About the challenge: Each Tuesday I will provide a photo prompt. Your mission, if you choose to accept the challenge, is to tell a story in 280 characters or less. When you write your tale, be sure to let me know in the comments with a link to your tale.
A final note: if you need help tracking the number of characters in your story, there is a nifty online tool that will count for you at charactercountonline.com .
I will do a roundup each Tuesday, along with providing a new prompt. And if for some reason I missed your entry in the Roundup, as I have occasionally done, please let me know. I want to be sure to include your tale.
Finally, have fun!
And REMEMBER…you have 280 characters (spaces and punctuation included), to tell your tale…and a week to do it. I can’t wait to see what you create this week.
Starting us off…
“Just around the bend,” Harvey told his passengers. “Ready your cameras. Don’t wanna miss ’em. These critters are fast.”
Appeasing the swampies had been a family tradition for centuries. It was a small price to pay…a few lone travelers that no one would miss, to save civilization.
From Michael at Morpethroad:
The tour group was told the river was full of amazing creatures.
Cameras were at the ready when ahead of them a giant squid rose from the murky depths.
So busy were they snapping images of the wonder before them, they failed to notice the tentacles encircling their boat.
From Lady Lee at Lady Lee Manila:
Lazy Hazy Day
wispy clouds across
boats rise and fall on the lock
lazy hazy day
sea lay without a ripple
cupped my hands and drank water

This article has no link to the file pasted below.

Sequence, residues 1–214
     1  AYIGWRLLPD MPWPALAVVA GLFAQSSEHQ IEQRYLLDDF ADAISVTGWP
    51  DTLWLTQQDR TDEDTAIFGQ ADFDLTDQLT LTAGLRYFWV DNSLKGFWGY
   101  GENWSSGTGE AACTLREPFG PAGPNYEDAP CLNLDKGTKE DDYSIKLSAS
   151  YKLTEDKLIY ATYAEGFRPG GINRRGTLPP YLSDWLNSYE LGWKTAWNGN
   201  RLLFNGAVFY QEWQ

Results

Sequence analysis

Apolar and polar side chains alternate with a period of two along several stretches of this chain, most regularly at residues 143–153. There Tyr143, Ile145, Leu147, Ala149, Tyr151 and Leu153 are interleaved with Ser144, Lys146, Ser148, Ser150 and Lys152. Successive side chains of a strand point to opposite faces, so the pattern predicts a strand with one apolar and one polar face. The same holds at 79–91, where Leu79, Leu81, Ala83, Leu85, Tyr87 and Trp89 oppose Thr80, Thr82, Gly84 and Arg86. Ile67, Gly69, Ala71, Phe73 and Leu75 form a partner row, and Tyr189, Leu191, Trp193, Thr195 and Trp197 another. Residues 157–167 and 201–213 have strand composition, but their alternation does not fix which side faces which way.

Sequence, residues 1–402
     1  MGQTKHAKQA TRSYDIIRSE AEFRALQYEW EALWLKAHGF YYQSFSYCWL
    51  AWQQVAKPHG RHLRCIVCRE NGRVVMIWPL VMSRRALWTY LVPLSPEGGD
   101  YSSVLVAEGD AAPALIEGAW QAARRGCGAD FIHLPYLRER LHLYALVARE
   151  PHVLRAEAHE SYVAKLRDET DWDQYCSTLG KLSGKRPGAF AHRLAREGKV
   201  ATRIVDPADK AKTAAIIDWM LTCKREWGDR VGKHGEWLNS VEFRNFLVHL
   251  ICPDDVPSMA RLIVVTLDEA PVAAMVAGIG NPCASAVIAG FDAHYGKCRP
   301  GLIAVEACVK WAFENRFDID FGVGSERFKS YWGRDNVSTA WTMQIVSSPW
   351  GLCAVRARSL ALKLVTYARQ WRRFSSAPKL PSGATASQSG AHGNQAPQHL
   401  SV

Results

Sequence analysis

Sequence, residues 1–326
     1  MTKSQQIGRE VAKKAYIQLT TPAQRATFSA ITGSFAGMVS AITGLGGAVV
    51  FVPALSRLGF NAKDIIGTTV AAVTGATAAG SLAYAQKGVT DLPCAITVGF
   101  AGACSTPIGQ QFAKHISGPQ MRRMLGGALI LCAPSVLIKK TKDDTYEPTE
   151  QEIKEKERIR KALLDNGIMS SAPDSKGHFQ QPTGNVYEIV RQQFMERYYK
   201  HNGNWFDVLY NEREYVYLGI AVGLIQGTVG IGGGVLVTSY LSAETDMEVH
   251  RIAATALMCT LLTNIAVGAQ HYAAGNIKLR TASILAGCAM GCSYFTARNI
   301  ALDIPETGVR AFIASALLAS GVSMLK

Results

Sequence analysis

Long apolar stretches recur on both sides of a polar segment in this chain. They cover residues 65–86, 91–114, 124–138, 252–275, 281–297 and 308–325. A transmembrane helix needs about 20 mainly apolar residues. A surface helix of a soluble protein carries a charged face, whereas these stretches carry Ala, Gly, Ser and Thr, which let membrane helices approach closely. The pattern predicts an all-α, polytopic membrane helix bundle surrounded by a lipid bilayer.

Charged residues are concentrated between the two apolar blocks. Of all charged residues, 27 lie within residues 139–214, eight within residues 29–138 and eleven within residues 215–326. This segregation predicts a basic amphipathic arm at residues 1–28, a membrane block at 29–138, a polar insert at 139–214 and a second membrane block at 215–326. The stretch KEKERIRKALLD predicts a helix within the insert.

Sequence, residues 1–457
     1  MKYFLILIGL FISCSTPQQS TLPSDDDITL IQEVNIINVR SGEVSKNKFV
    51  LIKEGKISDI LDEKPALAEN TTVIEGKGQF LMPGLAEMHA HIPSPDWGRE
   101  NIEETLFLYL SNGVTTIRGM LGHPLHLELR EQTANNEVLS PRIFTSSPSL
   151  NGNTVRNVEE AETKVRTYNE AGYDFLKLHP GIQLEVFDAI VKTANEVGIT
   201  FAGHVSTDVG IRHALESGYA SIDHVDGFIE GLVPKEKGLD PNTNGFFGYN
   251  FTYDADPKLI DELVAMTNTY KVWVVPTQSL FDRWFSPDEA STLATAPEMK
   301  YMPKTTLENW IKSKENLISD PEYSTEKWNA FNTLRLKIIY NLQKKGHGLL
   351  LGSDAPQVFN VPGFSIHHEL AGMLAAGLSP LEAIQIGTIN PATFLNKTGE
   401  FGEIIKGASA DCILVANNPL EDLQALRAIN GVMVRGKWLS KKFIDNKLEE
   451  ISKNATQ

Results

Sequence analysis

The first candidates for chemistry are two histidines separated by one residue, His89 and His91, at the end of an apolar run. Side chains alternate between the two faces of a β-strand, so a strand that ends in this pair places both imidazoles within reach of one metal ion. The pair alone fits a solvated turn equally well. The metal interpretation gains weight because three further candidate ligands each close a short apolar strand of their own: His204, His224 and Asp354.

drips falling from lips
ah, the sweet taste of heaven
cool and refreshing
rough winds shake the darling buds
more lovely and temperate
splashing with the waves
From Fandango at This, That, and the Other:
Gator River Adventure
“Keep your cameras ready, folks,” the guide said. “The gators love to put on a show.”
He noticed that two people were aiming their cameras up. “Folks, the gaters are in the water, not in the trees.”
Those were the last words heard as the pterodactyl swooped down onto the dinghy.
From Radhika at RadhikasReflection:
The Prize Money
A wildlife magazine announced a challenge open to all, “A prize money of 1 million dollars for pictures of the monstrous creatures of the river”. A group of brave hearts accepted the challenge. How many made it through and collected the prize money is a wild guess!
Letter count :267
From Jannat at Jannat007:
Hellen: Oh see, there’s this family of swans.
Bob: We’re so lucky to get this view too early
Macadamian: Long neck, broad bill, webbed feet, all white plumage, and here it is.
Bob: Picture courtesy?
Macadamian: All because of my polaroid camera.
Bob: Well, I also have a share in it.
From Martin at Martin Corcoran:
‘And you say you cloned them from an old smart phone that was found embedded in amber? Are you mad? You’re no idea what you’ve unleashed. Oh my god they’re evolving, they’ve discovered instagram, I’m being tweeted alive. Aggggghhhhhh lol.’
From Reena at ReInventions:
“Same spot, same pics …. Can’t we do something different on our vacay?”
“I’ve heard that the spirits of those who die unnatural deaths hover around for ages.”
“Ohkk! You are still obsessed with your ex. How can the spirit help you now?”
“Spirits remember the tormentor.”
“Was that u?”
From Deb at TwentyFour:
And here we have a photo of that endangered species known as the tourist. Never seen without their extra appendage they are known for getting lost, falling off items and talking nonsense.
The authorities suggest you approach with caution.
From Joy at PoetryJoy: (a trio of tweets)
Few stopped to savour the glorious view spread out before them, or note the delightful sounds of wildlife in the dense vegetation, intent instead on clicking their cameras, thinking only of how they would share some stunning images on social media to impress their friends with.
cameras poised and eyes peeled
they had no inkling of how their
canoe was sinking, letting in water
enough to pool and wet them well
they were so enchanted by the scenes